Note: This is my 75th book review!!
The Reptile Room is the second book in A Series of Unfortuante Events by Lemony Snicket. It was published in 1999 by HarperCollins.
Genre: Children’s, Mystery
If you have picked up this book with the hope of finding a simple and cheery tale, I’m afraid you have picked up the wrong book altogether. The story may seem cheery at first when the Baudelaire children spend item in the company of some interesting reptiles and a giddy uncle, but don’t be fooled. If you know anything at all about the unlucky Baudelaire children, you already know that even pleasant events lead down the same road to misery.
In fact, within the pages you now hold in your hands, the three siblings endure a car accident, a terrible odor, a deadly serpent, a long knife, a large brass reading lamps, and the reappearance of a person they’d hoped never to see again.
I am bound to record these tragic events, but you are free to put this book back on the shelf and seek something lighter.
With all due respect,
The Reptile Room was made entirely out of glass, with bright, clear glass walls and a high glass ceiling that rose up to a point like the inside of a cathedral. Outside the walls was a bright green field of glasses and shrubs which was of course perfectly visible though the transparent walls, so standing in the Reptile Room was like being inside and outside at the same time. But as remarkable as the room itself was, what was inside the Reptile Room was much more exiting. Reptiles, of course, were lined up in locked metal cages that sat on wooden tables in four neat rows all the way down the room. There were all sorts of snakes, naturally, but there were also lizards, toads, and assorted other animals that the children had never seen before, not even in pictures, or at the zoo. There was a very fat toad with two wings coming out of its back, and a two-headed lizard that had bright yellow stripes on its belly .There was a snake that had three mouths, one on top of the other, and another that seemed to have no mouth at all. There was a lizard that looked like an owl, with wide eyes that gazed at them from the log on which it was perched in its cage, and a toad that looked just like a church, complete with stained-glass eyes. And there was a cage with a white cloth on top of it, so you couldn’t see what was inside at all.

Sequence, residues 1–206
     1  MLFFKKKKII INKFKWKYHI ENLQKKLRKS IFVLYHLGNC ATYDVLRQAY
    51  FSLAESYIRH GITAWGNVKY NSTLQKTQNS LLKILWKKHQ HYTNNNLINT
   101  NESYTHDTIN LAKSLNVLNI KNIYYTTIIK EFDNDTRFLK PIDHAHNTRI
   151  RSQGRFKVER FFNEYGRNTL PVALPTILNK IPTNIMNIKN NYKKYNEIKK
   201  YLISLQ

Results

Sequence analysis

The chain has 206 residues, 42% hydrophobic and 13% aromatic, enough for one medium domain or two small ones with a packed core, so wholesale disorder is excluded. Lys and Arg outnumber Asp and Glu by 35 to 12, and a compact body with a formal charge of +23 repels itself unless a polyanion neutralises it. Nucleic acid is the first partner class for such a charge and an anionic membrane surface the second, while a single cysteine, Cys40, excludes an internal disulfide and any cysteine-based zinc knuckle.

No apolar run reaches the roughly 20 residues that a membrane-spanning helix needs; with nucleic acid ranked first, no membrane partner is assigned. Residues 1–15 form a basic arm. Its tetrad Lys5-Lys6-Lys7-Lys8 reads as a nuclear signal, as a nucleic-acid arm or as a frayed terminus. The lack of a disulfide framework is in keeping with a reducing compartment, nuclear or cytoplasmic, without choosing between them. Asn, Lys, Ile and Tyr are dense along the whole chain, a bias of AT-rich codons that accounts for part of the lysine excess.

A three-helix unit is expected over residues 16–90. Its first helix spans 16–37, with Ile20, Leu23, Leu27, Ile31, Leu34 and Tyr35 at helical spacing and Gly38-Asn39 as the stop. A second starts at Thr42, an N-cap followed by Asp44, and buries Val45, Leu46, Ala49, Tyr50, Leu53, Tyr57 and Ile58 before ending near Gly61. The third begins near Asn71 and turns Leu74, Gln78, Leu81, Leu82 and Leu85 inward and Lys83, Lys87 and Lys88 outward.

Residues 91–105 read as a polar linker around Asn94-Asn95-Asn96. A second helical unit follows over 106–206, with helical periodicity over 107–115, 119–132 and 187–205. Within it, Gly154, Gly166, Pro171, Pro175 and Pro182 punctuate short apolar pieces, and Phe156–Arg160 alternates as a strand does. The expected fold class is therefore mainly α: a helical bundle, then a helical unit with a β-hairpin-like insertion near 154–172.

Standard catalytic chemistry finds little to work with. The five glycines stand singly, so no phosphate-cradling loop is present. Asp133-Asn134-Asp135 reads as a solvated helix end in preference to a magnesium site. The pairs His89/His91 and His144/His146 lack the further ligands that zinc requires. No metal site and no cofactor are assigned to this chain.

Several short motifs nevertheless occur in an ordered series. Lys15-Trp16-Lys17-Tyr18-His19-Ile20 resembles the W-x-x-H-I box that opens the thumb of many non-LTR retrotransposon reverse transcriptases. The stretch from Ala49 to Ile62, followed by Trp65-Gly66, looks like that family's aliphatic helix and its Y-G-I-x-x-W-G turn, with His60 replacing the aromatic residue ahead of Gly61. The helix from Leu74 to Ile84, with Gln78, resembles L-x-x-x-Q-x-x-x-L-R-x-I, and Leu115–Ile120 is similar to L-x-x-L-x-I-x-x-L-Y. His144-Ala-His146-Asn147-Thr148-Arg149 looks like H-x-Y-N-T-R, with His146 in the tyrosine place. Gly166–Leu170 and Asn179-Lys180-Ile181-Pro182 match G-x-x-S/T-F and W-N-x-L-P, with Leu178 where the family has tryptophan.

“Goodness!” he [Mr. Poe] cried. “Golly! Good God! Blessed Allah! Zeus and Hera! Mary and Joseph! Nathaniel Hawthorne! Don’t touch her! Grab her! Move closer! Run away! Don’t move! Kill the snake! Leave it alone! Give it some food! Don’t let it bite her! Lure the snake away! Here, snakey! Here, snakey snakey!”
“For Beatrice—My love for you shall live forever. You, however, did not.”
Recommended Age Range: 10+
What I Liked:
Enter Uncle Monty, the guardian with whom the Baudelaires were perhaps the most happy (and that’s saying a lot, as this is only the second book). As ineffective as Uncle Monty was, the Baudelaires’ other guardians are even worse (and so are their circumstances), so I feel that this is perhaps the best situation in which the Baudelaires find themselves. Also enter the Incredibly Deadly Viper! I love the Incredibly Deadly Viper! It’s so adorable when it interacts with Sunny (yes, yes…I know it’s called Incredibly Deadly).
Also enter the first Count Olaf disguise! Here’s the basic run-down of Olaf’s disguise-related plot:
–other adults will always use his one long eyebrow and his eye tattoo in their identification of him
–Olaf hides/gets rid of his eyebrow and his tattoo in order to disguise himself: in this case, he shaved his eyebrow and did spoiler to his tattoo
–however, the Baudelaires always recognize him, mostly by his shiny, shiny eyes
–the problem comes when they try to get adults to recognize him, and since Olaf has disguised his eyebrow and his tattoo in some way, the adults always think the children are wrong (hence, the ineffectiveness/stupidity of the adults that I talked about in my first review).
–therefore, the Baudelaires must come up with a way to mess up/get rid of/ruin Olaf’s disguise in order to get the adults to recognize him
That’s how the plot generally goes (for the first few books, anyway…). There are other things involved, of course, but that’s generally the way it goes down.
Count Olaf really shows his villainy off here. He’s not a dumb villain at all—he’s very smart and cunning, in addition to being cruel and evil. That makes for a dangerous combination.
Oh, and as well as the first Olaf disguise, it’s the first accomplice disguise! This one actually is quite good. It threw me for a loop the first time I read this book. I wasn’t expecting it. Pay attention to the way Snicket describes features of a person…
The quotes section does not do this book justice. There are numerous other great quotes, including one where Snicket fills a whole page by repeating the word “ever.” He’s very adamant about never ever fiddling with electric devices.
What I Didn’t Like:
Uncle Monty, why are you so ineffective? Mr. Poe, why are you so condescending? Adults, why are you so obtuse?
People/Places/Things to Keep in Mind (spoilers be here):
-the taxi driver (specifically, “Not everybody wants to hear about your new baby, you know.”)
-names and anagrams (a certain spoilery name is an anagram of Count Olaf)
-the Incredibly Deadly Viper
–Zombies in the Snow
A man has on a sports jacket with the name Lachrymose Leeches on the back, referencing the next book, The Wide Window.
The Reptile Room not only shows how resourceful and determined (and unfortunate) the Baudelaires truly are, but it also starts showing how cunning and cruel Count Olaf truly is. It also sets up even more foreshadowing for the series and, all in all, is at times delightful, at times hilarious, and at all times unfortunate. There are no major weaknesses yet for the series.
Coming Up Next: The Wide Window